Last summer, John organized an event on the Reservation called "Heartfest." Singlehandedly, he built a bridge between the Christians from the LCO Reservation and the larger Hayward area. We ate together, sang together and shared our stories. It was a beautiful experience I'll never forget.
Also, John volunteered at the jail several times a week, leading Celebrate Recovery Groups.
He gave his life away to others -- and it's no wonder that hundreds showed up for the Chili Benefit Fundraiser we held for him two weeks ago. That night, to everyone's amazement, he showed up (had just been released from the hospital), stood up (nobody thought he could stand), and spoke up (and we thought he was too weak to speak!) He shared a powerful testimony of God's grace, and encouraged everybody to live for Jesus. There was not a dry eye in the place.
John's precious wife, Candice, is expecting twins in just a couple of months. She certainly needs our prayers and support more than ever. I am amazed at the depth of this young woman's faith and trust in these very dark and difficult times.
I see Jesus shining through her. God bless Candice.
This verse went through my mind again today, "Unless the grain of wheat falls to the ground and dies, it only remains a seed. But, if it dies, it produces many seeds."
May it be so for John.
Thursday, April 09, 2009
Wednesday, April 08, 2009
Also, 68 percent of Americans think religion is losing influence on American life, up from 62 percent in 2007 and 46 percent in 2005. And 81 percent say that's a "bad thing."
from The Christian Post
In a soul-gripping manner, these two godly men call us to a deeper walk with the Lord, and challenge our spiritual mediocry with this simple concept: Repent, Trust, Obey and Be Filled With the Holy Spirit!
As I was reading this book, it seemed to be reading me!
What a delightful treasure! Books like this don't come around very often. Experiencing the Spirit ranks right up there with my other spiritual "meat and potatoes" books -- such as Andrew Murray, Hannah Whitehall Smith, Wesley Duewel, Bounds, Tozer, and Brengle. (Most of those are more a hundred years old -- how exciting to find a fresh expression of the same thing!!)
Speaking of treasure, if you haven't read Randy Alcorn's little book, The Treasure Principle, There's a recently revised edition available with a profound concluding chapter: 31 Radical, Liberating Questions to Ask God About Your Giving.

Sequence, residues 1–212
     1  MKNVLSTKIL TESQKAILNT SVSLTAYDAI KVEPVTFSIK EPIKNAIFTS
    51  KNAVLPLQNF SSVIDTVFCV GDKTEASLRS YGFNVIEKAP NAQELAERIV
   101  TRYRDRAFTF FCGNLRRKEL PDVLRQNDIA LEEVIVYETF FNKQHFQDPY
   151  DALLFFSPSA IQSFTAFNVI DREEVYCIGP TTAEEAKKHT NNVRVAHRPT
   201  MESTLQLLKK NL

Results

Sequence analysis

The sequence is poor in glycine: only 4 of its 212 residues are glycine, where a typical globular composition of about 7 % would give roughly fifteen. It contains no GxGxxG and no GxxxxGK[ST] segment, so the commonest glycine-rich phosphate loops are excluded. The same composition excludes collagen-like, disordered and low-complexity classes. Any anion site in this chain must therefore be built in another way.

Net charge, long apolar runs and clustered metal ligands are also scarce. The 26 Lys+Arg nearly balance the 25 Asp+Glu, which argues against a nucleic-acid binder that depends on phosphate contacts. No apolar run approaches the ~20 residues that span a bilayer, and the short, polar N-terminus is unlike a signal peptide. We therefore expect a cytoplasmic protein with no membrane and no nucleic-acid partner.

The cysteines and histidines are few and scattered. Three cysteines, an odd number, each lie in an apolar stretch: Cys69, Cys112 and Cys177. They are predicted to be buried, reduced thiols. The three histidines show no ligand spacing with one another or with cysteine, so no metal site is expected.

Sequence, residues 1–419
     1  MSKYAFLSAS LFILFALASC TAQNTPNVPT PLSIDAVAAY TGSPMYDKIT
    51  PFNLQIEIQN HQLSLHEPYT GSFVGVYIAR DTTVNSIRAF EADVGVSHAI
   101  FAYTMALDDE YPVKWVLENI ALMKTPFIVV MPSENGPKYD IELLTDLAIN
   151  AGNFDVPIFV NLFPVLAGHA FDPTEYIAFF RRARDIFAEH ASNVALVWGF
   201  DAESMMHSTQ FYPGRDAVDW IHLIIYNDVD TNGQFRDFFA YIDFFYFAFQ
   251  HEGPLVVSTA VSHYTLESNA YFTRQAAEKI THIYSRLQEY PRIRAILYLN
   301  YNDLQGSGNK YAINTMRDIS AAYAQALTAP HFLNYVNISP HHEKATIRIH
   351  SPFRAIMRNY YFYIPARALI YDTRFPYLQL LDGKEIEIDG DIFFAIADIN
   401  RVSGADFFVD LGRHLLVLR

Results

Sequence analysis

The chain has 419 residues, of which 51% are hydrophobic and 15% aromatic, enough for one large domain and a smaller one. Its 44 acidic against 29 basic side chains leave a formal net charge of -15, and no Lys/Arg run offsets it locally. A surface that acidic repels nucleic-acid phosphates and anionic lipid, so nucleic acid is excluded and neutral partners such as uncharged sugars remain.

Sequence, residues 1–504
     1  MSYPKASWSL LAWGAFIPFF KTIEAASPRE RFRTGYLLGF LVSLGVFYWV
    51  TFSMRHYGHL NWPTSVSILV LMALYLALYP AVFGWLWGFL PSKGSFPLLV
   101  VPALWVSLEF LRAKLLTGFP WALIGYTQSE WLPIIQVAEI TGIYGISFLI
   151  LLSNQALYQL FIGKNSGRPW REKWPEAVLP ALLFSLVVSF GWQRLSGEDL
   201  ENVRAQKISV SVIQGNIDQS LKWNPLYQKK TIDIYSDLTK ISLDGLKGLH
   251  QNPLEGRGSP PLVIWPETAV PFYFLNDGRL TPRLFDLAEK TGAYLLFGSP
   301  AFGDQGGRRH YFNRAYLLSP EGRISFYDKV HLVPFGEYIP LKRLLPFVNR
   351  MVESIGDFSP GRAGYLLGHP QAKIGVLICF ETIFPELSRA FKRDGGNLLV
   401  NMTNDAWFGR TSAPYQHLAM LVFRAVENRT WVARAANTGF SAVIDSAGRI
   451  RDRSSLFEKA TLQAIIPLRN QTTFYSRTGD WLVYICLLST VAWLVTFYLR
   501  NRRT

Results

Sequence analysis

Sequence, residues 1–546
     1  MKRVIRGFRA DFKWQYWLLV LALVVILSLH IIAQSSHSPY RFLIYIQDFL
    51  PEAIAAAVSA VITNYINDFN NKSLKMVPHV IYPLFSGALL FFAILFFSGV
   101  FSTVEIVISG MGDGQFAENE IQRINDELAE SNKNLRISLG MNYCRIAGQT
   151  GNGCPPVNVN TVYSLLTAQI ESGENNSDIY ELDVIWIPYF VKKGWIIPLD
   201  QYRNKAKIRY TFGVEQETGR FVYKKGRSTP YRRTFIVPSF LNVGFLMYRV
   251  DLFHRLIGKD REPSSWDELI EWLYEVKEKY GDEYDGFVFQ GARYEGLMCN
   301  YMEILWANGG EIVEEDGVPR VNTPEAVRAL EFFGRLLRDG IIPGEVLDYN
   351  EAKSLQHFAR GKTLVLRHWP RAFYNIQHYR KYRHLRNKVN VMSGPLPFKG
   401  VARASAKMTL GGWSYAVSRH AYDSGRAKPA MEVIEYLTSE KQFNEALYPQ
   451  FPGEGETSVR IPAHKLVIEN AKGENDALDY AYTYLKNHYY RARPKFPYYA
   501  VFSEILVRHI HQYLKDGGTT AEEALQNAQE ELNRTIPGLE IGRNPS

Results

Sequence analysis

This is an outstanding resource for pastors and churches, particularly during these troubled economic times. Alcorn shows us how to keep a proper and healthy perspective about our "stuff." "You can't take it with you -- but you can send it on ahead!"
The Treasure Principle is the best book on financial stewardship I've ever read. A couple of years ago, it inspired the best sermon on possessions and giving that I've ever preached.
Both books can be ordered here.
Take home point -- it takes 25 people to adequately care for a extra needy person. If the pastor and one or two others try to do it all by themselves, everybody will end up frustrated.
Tuesday, April 07, 2009
Monday, April 06, 2009
Sunday, April 05, 2009
Saturday, April 04, 2009
to Sunday-School' bumper sticker and the chrome-plated Christian fish emblem on the trunk; naturally... I assumed you had stolen the car.
Friday, April 03, 2009
Thursday, April 02, 2009
Just to make sure you understand . . .
I am giving away an awesome book absolutely free to the 14th person who e-mails me with "Clutter Free" in the subject line. (Be sure to use the e-mail address I included in the post.)
We're almost there -- but I really would hate to see the day pass without someone claiming the prize!
send to orangeluther (at) hotmail.com Note I listed it as (at) here rather than @ because I don't want to get spammed.
Be sure to put "clutter free" in the subject line. I'll report back on who won.
"Pastor, I am writing an article for the International Trombone Journal, and I'm focusing on Mahler's Symphony #2 -- Resurrection!"
"Whenever I hear this beautiful masterpiece it feels like Easter, and a little foretaste of heaven.", he continued, "That's where I need your advice."
"Do you think it would be appropriate to call Easter "a keyhole peek into heaven?"
"You're FABULOUS, Ed! Yes! It's a keyhole peek into Heaven! I'm going to use that one on Easter Sunday!"
experience the symphony here.
Aufersteh'n, ja aufersteh'n
Wirst du, Mein Staub,
Nach kurzer Ruh'!
Unsterblich Leben! Unsterblich Leben
wird der dich rief dir geben!
Rise again, yes, rise again,
Will you My dust,
After a brief rest!
Immortal life! Immortal life
Will He who called you, give you.